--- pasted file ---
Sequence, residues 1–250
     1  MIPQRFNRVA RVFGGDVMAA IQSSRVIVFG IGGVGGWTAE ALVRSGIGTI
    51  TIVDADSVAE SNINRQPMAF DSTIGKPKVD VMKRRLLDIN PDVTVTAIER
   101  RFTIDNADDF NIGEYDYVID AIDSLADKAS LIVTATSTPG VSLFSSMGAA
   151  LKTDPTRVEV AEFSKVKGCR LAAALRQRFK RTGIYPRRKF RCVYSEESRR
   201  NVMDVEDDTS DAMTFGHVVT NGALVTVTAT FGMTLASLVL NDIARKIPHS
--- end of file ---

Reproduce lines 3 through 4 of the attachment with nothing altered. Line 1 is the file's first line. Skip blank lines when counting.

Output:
    51  TIVDADSVAE SNINRQPMAF DSTIGKPKVD VMKRRLLDIN PDVTVTAIER
   101  RFTIDNADDF NIGEYDYVID AIDSLADKAS LIVTATSTPG VSLFSSMGAA